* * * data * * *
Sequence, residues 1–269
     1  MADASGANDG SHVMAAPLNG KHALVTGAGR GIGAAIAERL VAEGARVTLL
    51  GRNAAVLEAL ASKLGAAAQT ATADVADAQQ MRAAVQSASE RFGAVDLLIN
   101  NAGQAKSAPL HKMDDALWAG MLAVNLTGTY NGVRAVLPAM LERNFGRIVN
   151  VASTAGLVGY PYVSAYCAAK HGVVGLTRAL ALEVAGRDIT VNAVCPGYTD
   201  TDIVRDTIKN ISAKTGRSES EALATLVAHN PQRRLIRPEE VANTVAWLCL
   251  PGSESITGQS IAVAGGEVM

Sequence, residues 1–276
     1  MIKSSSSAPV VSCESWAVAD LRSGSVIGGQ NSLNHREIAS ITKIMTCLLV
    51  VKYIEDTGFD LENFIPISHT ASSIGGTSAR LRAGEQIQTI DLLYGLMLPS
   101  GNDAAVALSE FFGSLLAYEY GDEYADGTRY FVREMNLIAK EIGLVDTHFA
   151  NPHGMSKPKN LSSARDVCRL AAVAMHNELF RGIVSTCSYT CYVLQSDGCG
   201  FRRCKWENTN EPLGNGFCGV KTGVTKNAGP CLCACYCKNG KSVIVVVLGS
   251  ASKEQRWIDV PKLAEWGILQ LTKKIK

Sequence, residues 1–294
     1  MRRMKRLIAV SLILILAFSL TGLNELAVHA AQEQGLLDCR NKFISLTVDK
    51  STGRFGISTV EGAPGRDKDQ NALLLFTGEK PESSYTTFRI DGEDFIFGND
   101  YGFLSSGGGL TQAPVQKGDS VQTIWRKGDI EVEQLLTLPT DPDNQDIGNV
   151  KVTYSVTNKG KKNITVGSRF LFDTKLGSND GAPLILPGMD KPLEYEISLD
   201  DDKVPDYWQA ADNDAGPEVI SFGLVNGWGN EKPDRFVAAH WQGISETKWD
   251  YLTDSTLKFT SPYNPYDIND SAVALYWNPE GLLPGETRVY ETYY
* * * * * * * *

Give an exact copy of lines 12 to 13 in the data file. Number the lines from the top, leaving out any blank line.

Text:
   151  NPHGMSKPKN LSSARDVCRL AAVAMHNELF RGIVSTCSYT CYVLQSDGCG
   201  FRRCKWENTN EPLGNGFCGV KTGVTKNAGP CLCACYCKNG KSVIVVVLGS